Senate Bill 229 (R-Gardner): Legislation Lowering Academic Growth Factor on Teacher Evaluations Scheduled for First Hearing
SB 229, introduced by Sen. Randy Gardner (R-Bowling Green), would help make Ohio’s new system for evaluating teachers more effective, fair and efficient by reducing the academic growth factor and allowing school districts to reduce the frequency of evaluations for highly rated teachers. The OEA strongly supports SB 229 as part of ongoing efforts to address various concerns with Ohio’s Teacher Evaluation System (OTES).
The bill is scheduled for its first hearing in theSenate Education Committee on November 19, 2013, at 9:15 am in the South Hearing Room of the Ohio Senate Building. The committee will hear both sponsor and proponent testimony.
SB 229 proposes the following changes to Ohio’s teacher evaluation system:
- Academic growth factor: Lowers the academic growth factor percentage required on teacher evaluations to 35% from the current 50%. A school district may attribute an additional percentage to the academic growth factor not to exceed fifteen percent of an evaluation. The academic growth factor under the OTES is based on value-added and/or other student growth measures, depending on the subjects and grades in a teacher’s course load.
- Frequency of evaluations: Authorizes local school boards to reduce the frequency of evaluations required for teachers who receive an evaluation rating of “Skilled” or “Accomplished” (the top two ratings).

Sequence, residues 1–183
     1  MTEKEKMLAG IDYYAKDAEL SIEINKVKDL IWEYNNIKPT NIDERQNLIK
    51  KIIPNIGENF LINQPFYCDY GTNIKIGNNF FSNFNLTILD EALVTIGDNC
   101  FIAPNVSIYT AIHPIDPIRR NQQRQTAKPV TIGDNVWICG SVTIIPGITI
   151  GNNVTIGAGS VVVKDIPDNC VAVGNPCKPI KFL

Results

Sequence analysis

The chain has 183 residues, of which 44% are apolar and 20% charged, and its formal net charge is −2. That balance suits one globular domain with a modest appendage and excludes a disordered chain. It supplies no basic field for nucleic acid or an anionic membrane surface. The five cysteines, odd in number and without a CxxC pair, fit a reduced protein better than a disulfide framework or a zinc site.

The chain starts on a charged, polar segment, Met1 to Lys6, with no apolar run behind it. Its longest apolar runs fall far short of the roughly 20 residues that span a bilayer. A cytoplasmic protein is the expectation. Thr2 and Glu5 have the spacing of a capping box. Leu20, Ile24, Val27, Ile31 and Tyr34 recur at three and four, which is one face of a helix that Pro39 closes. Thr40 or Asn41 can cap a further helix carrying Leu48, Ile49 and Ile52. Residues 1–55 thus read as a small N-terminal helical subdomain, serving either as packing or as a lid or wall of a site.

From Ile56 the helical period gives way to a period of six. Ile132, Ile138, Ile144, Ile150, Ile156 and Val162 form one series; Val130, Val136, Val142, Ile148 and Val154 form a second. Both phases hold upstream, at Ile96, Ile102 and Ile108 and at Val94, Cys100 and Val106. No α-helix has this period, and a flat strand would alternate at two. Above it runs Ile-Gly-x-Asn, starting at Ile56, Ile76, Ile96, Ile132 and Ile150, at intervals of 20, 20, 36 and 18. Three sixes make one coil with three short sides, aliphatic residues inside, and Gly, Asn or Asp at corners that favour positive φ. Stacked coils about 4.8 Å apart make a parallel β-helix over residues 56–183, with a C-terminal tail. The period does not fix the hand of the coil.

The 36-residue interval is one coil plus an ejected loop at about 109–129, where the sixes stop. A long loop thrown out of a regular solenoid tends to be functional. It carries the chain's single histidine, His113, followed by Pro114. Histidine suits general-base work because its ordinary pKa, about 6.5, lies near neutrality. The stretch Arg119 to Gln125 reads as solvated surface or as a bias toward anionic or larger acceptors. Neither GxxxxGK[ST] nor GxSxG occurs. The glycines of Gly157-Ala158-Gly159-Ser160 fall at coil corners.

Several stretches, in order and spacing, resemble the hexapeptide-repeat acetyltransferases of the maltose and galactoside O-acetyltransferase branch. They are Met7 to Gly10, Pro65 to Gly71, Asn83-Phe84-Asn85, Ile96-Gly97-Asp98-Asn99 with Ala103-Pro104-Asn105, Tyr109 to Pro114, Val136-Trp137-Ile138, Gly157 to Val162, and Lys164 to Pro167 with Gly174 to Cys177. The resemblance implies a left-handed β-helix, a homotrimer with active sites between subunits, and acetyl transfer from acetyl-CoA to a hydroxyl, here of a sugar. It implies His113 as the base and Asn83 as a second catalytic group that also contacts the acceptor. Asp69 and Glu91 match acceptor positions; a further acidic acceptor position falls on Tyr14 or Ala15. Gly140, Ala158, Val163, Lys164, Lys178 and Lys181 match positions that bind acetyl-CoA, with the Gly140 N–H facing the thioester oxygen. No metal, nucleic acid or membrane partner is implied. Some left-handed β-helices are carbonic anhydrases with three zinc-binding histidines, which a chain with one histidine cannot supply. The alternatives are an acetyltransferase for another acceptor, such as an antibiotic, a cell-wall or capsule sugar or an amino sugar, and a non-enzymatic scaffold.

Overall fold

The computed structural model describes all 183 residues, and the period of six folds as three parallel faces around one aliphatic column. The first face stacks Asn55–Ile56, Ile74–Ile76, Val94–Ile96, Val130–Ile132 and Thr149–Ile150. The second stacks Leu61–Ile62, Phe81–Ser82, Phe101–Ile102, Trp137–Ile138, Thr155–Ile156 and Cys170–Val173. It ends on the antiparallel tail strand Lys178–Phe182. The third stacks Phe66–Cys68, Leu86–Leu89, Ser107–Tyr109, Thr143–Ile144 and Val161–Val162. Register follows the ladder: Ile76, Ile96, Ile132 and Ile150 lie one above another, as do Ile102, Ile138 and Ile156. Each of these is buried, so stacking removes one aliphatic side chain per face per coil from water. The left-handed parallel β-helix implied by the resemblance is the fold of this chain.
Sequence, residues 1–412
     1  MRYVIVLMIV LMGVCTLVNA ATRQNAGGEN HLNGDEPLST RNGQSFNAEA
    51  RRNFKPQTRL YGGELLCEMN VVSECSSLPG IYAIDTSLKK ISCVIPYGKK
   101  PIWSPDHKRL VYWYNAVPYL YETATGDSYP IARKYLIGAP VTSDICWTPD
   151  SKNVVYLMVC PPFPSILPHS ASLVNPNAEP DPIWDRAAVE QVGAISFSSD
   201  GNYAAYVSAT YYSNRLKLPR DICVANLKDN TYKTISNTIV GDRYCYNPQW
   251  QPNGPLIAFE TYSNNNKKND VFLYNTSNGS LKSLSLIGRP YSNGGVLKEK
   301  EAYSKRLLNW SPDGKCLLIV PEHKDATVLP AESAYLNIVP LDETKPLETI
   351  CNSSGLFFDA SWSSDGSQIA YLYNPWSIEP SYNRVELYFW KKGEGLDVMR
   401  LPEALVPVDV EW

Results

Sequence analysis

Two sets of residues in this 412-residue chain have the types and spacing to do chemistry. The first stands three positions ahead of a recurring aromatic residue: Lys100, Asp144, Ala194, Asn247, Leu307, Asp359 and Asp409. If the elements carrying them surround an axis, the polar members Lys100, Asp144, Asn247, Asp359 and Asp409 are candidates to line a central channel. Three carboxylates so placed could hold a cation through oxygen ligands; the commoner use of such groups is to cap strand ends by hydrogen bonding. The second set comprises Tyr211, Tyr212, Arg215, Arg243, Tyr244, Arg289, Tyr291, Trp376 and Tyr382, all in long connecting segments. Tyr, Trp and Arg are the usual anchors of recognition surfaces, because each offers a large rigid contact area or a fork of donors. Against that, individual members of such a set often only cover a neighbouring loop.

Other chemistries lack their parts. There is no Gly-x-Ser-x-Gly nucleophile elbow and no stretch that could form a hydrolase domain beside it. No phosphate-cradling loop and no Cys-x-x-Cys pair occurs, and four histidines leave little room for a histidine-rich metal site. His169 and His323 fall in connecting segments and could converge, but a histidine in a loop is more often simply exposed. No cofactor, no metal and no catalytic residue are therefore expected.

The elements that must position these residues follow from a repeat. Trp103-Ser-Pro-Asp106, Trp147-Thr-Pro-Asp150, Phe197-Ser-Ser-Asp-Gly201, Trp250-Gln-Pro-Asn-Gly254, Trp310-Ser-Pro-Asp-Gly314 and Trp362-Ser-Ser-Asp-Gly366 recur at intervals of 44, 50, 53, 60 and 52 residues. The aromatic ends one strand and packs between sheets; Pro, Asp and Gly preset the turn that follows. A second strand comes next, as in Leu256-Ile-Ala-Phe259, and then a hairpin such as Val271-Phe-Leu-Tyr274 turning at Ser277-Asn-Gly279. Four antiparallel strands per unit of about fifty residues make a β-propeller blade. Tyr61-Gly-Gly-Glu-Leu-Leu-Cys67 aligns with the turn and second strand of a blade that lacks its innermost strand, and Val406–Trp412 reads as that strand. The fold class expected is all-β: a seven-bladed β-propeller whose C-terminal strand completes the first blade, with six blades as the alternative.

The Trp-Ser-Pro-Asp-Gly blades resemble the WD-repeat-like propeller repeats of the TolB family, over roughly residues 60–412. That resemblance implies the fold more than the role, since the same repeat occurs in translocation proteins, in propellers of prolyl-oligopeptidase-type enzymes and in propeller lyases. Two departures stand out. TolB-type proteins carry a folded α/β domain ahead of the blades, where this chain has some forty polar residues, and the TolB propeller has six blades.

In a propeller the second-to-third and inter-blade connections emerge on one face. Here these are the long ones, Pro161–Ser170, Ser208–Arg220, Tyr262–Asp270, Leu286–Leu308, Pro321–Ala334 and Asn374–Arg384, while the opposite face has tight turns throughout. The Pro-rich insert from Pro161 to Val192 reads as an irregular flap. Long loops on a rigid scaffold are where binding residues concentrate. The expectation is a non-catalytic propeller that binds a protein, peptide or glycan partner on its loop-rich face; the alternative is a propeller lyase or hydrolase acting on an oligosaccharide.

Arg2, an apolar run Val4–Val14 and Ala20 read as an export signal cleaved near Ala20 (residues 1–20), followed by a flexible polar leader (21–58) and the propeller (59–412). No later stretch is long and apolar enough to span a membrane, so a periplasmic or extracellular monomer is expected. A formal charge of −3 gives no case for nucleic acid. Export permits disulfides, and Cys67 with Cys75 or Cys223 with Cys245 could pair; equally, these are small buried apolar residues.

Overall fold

- A school board may evaluate each teacher rated “Accomplished” on the teacher’s most recent evaluation once every three school years. Currently, a board may elect to evaluate an “Accomplished” teacher once every two years, instead of annually.
- A school board may evaluate each teacher rated “Skilled” on the teacher’s most recent evaluation once every two years. Currently, a board is required to conduct annual evaluations for teachers rated “Skilled.”
Rep. Andy Thompson (R-Marietta) to Unveil House Bill 237 “Substitute Bill” in Second Hearing on Proposal to Repeal Ohio’s Adoption of Common Core Curriculum Standards
The OEA opposes HB 237, which would repeal Ohio’s adoption of the Common Core Curriculum standards. The OEA supports Ohio’s participation in the Common Core, along with the participation of over 40 other states in the nation, because higher education standards will better prepare students for success in college and careers in an increasingly competitive global economy. The Common Core is a state-lead, bi-partisan effort to raise and improve education standards across the nation, while still retaining local control.
The House Education Committee plans to accept a HB 237 “substitute bill” for consideration on Wednesday, November 20, 2013. The “substitute bill” will contain changes to the bill proposed by its sponsor Rep. Andy Thompson (R-Marietta). The chair of the House Education Committee (R-Stebelton) opposes the repeal of Common Core, as does the chair of the Senate Education Committee (R-Lehner).
The OEA recognizes that there are many practical challenges that need to be addressed in order to maximize the success and effectiveness of the implementation of Common Core at the local level. The OEA will continue to advocate in various forums for policy makers to address ongoing concerns, which include the need to ensure that schools and teachers have sufficient planning time, resources, professional development and technological capacity to support student learning under the Common Core.